Now that the Fed has been forced to raise rates to fight inflation, how has the Fed been able to keep its balance sheet at a ridiculous 33% of GDP and yet hold short-term interest rates above zero? Well, the only way the Fed has been able to lift short-term interest rates away from zero in recent years is by explicitly paying interest to banks (currently 4.65% IORB) on their reserve balances. (View Highlight)

As I’ve noted during previous bubbles, a market collapse is nothing but risk-aversion meeting an inadequate risk-premium; rising yield pressure meeting an inadequate yield. The extreme valuations encouraged by years of deranged Fed policy are unwinding, and based on the gap between prevailing investment valuations and even modest historical norms, it’s not over by a longshot. (View Highlight)

Recall how we got a mortgage bubble in the first place. Following the 2000-2002 market collapse, Alan Greenspan cut short-term interest rates to just 1%, driving investors to search for alternatives that might offer a higher return. They found that alternative in mortgage securities, which provided a “pickup” in yield over and above T-bills, as well as perceived safety, given that U.S. housing prices had never collapsed. (View Highlight)

Indeed, the thing that finally ended the global financial crisis wasn’t Fed heroism, distressed asset purchases, or quantitative easing. It was a change in accounting rule FAS-157 by the Financial Accounting Standards Board in March 2009, which eased “mark to market” standards for banks, eliminating the prospect of widespread bank insolvency by making insolvency opaque. The decade of zero interest rates that followed simply helped banks to recapitalize their balance sheets, funded by paying depositors zero. (View Highlight)

In response to the insolvency of Silicon Valley Bank and Signature Bank, the Federal Deposit Insurance Corporation (FDIC) took them into receivership, wiping out the stockholders and unsecured bondholders. This was, and remains, the correct approach to bank insolvency. (View Highlight)

Even though recent bank failures were smaller than Washington Mutual, the FDIC invoked a provision that treated these banks as “systemically” important, and covered all of the uninsured deposits as well, even those beyond the $250,000 insured limit (which was increased from $100,000 in 2008). Any losses to the FDIC will be recovered by insurance fees from the banking industry. (View Highlight)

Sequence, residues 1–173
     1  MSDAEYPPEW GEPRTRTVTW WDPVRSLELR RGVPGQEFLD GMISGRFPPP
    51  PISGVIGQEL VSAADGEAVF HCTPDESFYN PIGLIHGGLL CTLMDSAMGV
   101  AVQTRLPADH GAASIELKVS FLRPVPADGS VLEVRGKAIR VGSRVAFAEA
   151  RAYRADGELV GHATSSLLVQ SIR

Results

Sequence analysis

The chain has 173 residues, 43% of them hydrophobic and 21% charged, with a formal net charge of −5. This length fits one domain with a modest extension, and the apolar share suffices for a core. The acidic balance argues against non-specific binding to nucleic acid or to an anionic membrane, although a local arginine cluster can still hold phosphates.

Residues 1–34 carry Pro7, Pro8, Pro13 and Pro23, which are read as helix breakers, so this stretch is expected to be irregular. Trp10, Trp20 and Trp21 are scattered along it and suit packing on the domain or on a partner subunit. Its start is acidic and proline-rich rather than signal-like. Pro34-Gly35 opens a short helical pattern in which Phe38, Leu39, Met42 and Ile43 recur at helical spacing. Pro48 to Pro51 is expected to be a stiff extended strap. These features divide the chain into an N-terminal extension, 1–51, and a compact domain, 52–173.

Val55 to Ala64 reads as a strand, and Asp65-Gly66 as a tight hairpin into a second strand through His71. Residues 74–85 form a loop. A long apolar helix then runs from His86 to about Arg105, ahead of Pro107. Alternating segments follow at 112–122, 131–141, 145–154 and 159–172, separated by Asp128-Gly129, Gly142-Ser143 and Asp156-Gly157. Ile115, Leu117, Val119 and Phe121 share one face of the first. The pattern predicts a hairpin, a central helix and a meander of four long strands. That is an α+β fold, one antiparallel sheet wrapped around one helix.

The FDIC only needed to do this because the Federal Reserve bloated the banking system with deposits far beyond any amount required for sound lending, and far beyond FDIC insurance limits. (View Highlight)

Given that money market funds actually do pass the interest they receive from the Fed to their investors, it should be no surprise that depositors have been fleeing the banking system in preference for money market funds. Since the Fed can’t legally pay interest to money market funds directly, it pays “synthetic” interest to money market funds by selling them Treasury securities overnight, and buying them back the next morning at an ever-so-slightly higher price. These transactions are called “overnight reverse repurchases” or ON-RRP. (View Highlight)

In my view, until the Fed normalizes its balance sheet, it may be best for the FDIC to insure all deposits, to promptly take receivership of failing banks, and to charge the banking system insurance premiums sufficient to cover any losses. It isn’t the fault of savers that the banking system is stuffed with excess deposits. Savers, in aggregate, are captive victims, like James Caan in Misery, and the Federal Reserve is Kathy Bates. (View Highlight)

Given that the Fed has created $8 trillion in liabilities, someone has to hold them either: 1) indirectly as bank deposits, where your bank earns 4.65% interest from the Fed on the reserves that back your deposit, and thanks you for being part of its profitable “zero-interest deposit franchise”; 2) indirectly in a money market fund, where the money market fund receives “interest” on ON-RRP transactions with the Fed, or; 3) directly as currency you just pulled out of the ATM. (View Highlight)

The Fed created a mountain of liabilities, and someone has to hold them. Whenever someone waxes rhapsodic about all the “cash on the sidelines” waiting to “go into” some other market, they’re basically telling you they haven’t learned how equilibrium works. Every security that’s issued, even base money, must be held by someone until it is retired. (View Highlight)

As for bank failures, remember that when a bank becomes insolvent, the assets don’t vanish, nor do the bank deposits of customers. What actually happens is that the bank goes into receivership (rather than bankruptcy) with a nearly immediate “purchase and assumption” where another bank takes on all of the insolvent bank’s FDIC insured deposit liabilities, along with some of the assets and a cash payment from the FDIC. (View Highlight)

“The only reason that bank ‘failures’ in the Depression (and the ‘failure’ of Lehman) were problematic is that the institutions had to be liquidated in a disorganized, piecemeal fashion, because there was no receivership and resolution authority that could cut away the operating entity and sell it as a ‘whole bank’ entity ex-bondholder and -stockholder liabilities. I put ‘failure’ in quotations because there is a tendency to think of such events as something to be avoided even at the cost of public funds.” (View Highlight)